Chief Superintendent Nikki Mayo, Senior Investigating Officer, said: “This has been our force’s largest and most complex investigation into modern slavery and we are delighted to get the right outcome for victims. The focus of this case has always been the victims, ensuring that they get the help and support they need to live their lives free from the treatment they received at the hands of the defendants.

“The greatest positive of this case is that so many of the victims have now got their lives back, they’ve got a real second chance at some peace and happiness and to grow and flourish in their communities – it’s very much deserved.

“Through intelligence from partner agencies and the public and our officers visiting the traveller sites we knew these men were being kept in very poor conditions and made to work for little money. The extent of these conditions soon became apparent – the victims were ‘accommodated’ in caravans without running water or access to toilet facilities, and in some cases the electricity to them was dangerously obtained from a nearby pylon. The men were incredibly vulnerable. Some had learning disabilities or mental health issues while others were completely dependent on alcohol or drugs. Some had no idea what was happening when we arrived at the site or when they were transported into the care of support services and we worked hard to gain their trust.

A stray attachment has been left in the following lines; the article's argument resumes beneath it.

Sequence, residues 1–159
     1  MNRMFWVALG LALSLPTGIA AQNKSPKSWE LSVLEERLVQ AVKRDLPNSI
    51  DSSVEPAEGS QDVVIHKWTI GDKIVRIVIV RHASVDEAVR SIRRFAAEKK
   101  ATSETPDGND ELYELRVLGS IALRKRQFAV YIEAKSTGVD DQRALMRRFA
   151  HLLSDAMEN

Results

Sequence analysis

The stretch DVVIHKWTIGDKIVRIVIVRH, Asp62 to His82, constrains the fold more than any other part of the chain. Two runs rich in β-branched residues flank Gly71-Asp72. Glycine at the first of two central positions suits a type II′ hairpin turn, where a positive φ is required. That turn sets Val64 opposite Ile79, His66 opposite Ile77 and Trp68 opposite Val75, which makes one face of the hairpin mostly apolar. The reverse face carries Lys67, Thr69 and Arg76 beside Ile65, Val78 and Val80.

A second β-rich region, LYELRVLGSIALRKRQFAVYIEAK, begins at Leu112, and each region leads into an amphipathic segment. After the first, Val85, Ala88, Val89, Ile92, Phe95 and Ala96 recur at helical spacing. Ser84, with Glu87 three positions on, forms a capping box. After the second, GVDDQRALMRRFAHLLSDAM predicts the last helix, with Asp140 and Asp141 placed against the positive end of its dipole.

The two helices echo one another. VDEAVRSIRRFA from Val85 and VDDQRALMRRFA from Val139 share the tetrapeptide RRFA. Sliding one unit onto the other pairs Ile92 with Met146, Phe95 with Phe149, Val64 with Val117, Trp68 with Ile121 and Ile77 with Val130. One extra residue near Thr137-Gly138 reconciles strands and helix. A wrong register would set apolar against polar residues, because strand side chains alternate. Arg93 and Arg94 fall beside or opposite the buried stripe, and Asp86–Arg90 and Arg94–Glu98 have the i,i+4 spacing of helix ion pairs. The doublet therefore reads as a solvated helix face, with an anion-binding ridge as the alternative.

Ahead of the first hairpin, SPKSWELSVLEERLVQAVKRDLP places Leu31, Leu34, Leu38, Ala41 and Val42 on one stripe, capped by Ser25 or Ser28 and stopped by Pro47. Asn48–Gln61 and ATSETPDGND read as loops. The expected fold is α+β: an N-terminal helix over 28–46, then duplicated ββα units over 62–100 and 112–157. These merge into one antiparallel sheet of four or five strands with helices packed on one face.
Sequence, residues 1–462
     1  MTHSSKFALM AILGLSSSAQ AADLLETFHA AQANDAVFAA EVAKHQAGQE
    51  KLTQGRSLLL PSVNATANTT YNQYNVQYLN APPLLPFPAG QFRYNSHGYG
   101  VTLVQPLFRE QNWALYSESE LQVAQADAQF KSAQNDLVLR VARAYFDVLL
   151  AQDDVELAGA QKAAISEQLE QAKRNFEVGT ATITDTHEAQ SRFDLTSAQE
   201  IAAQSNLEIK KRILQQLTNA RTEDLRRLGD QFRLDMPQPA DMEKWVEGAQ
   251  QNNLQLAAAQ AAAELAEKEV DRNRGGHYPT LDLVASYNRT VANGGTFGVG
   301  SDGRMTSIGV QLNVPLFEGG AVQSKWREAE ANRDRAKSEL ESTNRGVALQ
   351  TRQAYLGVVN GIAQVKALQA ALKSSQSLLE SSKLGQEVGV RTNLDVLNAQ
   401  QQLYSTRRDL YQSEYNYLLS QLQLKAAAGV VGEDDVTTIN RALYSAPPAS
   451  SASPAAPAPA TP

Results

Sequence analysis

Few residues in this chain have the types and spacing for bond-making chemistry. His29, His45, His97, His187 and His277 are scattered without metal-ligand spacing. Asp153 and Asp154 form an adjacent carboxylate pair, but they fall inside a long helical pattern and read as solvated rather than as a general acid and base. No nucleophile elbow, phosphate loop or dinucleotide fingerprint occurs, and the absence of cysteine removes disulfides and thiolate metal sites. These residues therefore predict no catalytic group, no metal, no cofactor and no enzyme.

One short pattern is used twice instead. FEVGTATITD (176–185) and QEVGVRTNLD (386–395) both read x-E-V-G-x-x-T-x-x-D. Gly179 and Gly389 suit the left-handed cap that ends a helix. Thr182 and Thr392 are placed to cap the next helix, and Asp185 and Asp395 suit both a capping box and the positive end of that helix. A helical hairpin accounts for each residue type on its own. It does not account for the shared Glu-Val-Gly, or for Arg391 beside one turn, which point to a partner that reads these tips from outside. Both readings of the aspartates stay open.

“The three years that followed have been gruelling and emotional times for the victims and my investigation team. The victims, whose identities will remain anonymous, were all adults aged between 18 and 63. They had been located and picked up by the defendants from all over the country and specifically targeted because they were vulnerable and homeless.

“They were promised that they would be looked after, sheltered and fed in return for work and were then trafficked into the site. In fact they were being completely exploited – working long hours tarmacking driveways and block paving for the family. These businesses operated illicitly by using stolen materials and tools and advertised on hoardings where they didn’t have permission to do so.